How to Tell Your Boss to Chill Out When Growing a Beard
Someone’s got a beef with your beard, and this time it’s your boss.
Your colleague’s dirty looks and HR’s incessant emails about your “unruly facial hair” can be dealt with, but now things are getting serious.
Your boss has it out for your beard.
Before you run for the razor, get your facts straight. There’s only one person who can make you shave your beard, and that person is you.
Step 1. Check the Employee Handbook
Every company has one. Check it. It’ll probably say something like this:
“All employees must present a neat appearance in both clothing and personal grooming. This means business casual clothing and no unruly facial hair.”
This is where things get complicated. So-called “beard bans” are a hot topic right now, and the legal definition of “unruly” is up for debate.
Luckily, many companies don’t ban facial hair outright; only unruly facial hair. If this is your case, get creative. Tell your boss: “Sure, some beards are unsightly, unkempt, crumb-riddled… but this is the beard of a dirty person, and to equate my beards with a dirty beard is actually offensive.” He just may take the bait.
If he doesn’t, try to trip him up with an analogy: “Having an issue with beards because some beards are dirty is like being mad at humans because a few people suck. Just because they exist, doesn’t mean they’re the norm.”
You’ll sound smart, and may just end up saving your beard. If that doesn’t work, move on to Step #2.
Step 2: Try to Understand Your Bosses “No Facial Hair” Rule
What’s the big deal? To some person throughout history, growing a beard was seen as a problem. Figure out why. Maybe the issue for that person was cleanliness, or maybe they thought growing a beard was dirty and unprofessional. Whatever the reason, if you don’t know why you’re getting heat for your beard, it’s going to be tough to keep it.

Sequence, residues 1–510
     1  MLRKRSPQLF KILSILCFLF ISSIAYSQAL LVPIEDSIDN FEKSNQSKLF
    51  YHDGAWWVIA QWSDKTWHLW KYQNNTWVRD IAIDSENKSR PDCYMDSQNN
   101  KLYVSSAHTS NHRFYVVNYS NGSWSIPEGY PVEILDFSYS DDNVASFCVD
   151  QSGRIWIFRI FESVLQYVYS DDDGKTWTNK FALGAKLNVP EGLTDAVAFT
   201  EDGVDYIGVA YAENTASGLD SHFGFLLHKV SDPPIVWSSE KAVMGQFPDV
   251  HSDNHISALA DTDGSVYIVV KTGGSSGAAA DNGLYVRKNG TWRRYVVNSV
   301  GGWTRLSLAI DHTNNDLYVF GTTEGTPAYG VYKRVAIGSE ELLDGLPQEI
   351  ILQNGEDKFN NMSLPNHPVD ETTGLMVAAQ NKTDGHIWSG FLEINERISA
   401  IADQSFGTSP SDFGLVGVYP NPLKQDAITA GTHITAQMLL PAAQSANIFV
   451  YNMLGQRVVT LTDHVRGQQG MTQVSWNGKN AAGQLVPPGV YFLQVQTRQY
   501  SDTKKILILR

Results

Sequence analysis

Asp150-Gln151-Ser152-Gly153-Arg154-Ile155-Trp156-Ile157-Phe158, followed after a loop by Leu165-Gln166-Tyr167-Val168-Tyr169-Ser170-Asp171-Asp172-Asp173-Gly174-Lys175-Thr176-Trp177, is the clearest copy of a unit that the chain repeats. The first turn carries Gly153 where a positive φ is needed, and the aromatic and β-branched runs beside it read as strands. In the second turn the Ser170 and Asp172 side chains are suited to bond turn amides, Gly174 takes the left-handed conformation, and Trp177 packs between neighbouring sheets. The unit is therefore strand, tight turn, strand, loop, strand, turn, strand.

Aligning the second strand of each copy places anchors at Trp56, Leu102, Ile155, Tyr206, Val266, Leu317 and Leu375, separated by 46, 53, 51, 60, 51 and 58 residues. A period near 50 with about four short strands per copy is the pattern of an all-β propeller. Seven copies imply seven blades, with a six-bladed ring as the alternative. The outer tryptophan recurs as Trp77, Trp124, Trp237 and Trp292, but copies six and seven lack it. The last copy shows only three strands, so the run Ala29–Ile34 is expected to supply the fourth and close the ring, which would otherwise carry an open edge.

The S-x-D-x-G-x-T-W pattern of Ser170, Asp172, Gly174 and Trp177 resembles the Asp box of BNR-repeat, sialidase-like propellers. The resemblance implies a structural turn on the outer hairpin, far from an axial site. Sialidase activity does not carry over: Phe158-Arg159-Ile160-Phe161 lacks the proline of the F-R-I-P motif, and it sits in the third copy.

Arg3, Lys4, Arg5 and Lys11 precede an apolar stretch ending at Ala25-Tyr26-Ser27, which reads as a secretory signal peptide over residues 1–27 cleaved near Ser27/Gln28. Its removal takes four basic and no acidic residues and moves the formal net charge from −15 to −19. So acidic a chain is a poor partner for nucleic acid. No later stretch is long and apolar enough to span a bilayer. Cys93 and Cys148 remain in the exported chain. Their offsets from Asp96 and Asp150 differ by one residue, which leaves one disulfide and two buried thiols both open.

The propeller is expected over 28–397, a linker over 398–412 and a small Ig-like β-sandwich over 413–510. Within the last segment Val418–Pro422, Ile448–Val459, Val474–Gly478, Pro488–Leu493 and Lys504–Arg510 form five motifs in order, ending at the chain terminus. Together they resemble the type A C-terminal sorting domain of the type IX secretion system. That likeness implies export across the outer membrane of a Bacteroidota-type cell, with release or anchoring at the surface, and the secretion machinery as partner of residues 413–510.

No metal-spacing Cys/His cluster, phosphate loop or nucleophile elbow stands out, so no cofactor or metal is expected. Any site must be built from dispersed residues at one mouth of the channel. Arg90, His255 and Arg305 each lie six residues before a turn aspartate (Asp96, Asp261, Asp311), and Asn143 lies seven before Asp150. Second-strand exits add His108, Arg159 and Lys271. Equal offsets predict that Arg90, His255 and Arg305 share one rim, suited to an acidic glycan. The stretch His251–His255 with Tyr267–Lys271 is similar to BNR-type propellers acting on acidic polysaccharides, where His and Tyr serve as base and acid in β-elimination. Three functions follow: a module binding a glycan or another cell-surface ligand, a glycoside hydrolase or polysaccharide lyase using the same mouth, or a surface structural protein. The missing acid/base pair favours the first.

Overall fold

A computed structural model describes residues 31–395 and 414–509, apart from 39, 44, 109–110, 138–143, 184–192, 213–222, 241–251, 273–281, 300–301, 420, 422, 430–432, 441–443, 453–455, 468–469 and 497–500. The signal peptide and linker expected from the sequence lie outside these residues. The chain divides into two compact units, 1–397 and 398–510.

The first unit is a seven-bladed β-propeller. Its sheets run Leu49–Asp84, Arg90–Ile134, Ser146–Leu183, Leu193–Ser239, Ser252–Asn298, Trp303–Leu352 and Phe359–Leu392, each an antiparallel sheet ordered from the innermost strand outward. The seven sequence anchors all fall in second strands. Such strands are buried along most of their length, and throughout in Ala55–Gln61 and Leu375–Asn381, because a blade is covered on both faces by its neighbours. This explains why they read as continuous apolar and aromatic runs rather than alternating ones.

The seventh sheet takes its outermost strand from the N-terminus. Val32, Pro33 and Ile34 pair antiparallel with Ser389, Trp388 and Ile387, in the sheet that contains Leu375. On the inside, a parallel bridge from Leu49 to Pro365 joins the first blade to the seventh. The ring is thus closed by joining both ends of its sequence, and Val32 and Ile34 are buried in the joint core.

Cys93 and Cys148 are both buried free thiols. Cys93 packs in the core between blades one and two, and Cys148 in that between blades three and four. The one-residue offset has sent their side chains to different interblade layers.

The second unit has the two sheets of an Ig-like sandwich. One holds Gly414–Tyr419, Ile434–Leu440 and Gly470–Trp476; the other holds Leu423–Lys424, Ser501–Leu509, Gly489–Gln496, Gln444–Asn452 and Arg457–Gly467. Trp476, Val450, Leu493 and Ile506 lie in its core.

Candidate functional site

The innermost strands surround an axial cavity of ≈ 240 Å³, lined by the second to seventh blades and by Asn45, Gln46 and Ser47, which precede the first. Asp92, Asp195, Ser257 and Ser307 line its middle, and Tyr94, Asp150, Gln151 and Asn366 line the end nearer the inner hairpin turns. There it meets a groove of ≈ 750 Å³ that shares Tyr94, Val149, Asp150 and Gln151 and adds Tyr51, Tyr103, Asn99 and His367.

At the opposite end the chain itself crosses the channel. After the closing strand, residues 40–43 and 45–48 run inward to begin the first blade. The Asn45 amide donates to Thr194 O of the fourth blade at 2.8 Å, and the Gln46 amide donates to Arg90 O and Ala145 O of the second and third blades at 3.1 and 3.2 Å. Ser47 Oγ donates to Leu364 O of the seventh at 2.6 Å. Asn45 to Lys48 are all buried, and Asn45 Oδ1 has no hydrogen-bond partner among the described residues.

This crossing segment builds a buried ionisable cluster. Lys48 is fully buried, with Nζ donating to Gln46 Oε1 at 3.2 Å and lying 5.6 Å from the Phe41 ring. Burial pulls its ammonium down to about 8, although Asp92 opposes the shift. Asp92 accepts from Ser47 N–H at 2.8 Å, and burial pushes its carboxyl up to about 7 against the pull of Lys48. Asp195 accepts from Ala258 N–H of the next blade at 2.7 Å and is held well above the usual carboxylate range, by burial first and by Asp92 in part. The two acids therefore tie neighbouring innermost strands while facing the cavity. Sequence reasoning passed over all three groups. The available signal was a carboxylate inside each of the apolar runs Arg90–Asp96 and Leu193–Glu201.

Set up a time to sit down with your boss and figure out what the concerns are. Don’t be defensive. Instead, gather a full list of concerns to make sure you have the whole picture before you respond. You may not even want to respond in that meeting. Take your list, identify the hot-ticket items, and respond to the main issue later. Keep your head level and your request reasonable.
Step 3: Refute Concerns & Make Reasonable Arguments as to Why Your Beard Should Be Permitted
There are inevitably reasons for why you can’t have a beard (If your boss said, “Because that’s the way it is,” jump to Step 4). Some common reasons are cleanliness, the need to maintain an air of professionalism, and existing rules. Each of these are valid on the surface, and luckily for you they are easily refuted.
All of them can be addressed with one simple and elegant argument: beards don’t make you a different person. If you are professional and you do your job well, there is no reason why a beard should make you a worse worker. On the contrary. If you are able to represent your identity in a way that feels true by keeping your beard, everyone wins. You are supported, and you will do an even better job for it.
As for professionalism and cleanliness, these are greater habits, not just beard-habits. If you are clean and professional, your beard will reflect it. If you are not, then you have more issues than just your beard.
Existing rules can be tricky. Middle managers can feel trapped between your reasonable argument and their bosses. At the end of the day, a beard is just hair on your face. If they can’t state your case to their bosses, then you should consider doing it yourself. Campaign on behalf of beards and your coworkers will thank you.
Step 4: Question Traditional Theories of Productivity
This one is easy: ask your boss to explain to you how facial hair impacts productivity. His answer will be hilarious.
Step 5: Grow Your Beard in Peace
If you work for a reasonable person and you went through steps 1-3 with tastefulness, you should now be allowed to keep your beard. Congratulations! If you are still not allowed to keep your beard, consider getting a new boss. It is a ridiculous point of contention and if your boss makes that big a deal out of it, it might be a sign that you have a bad job.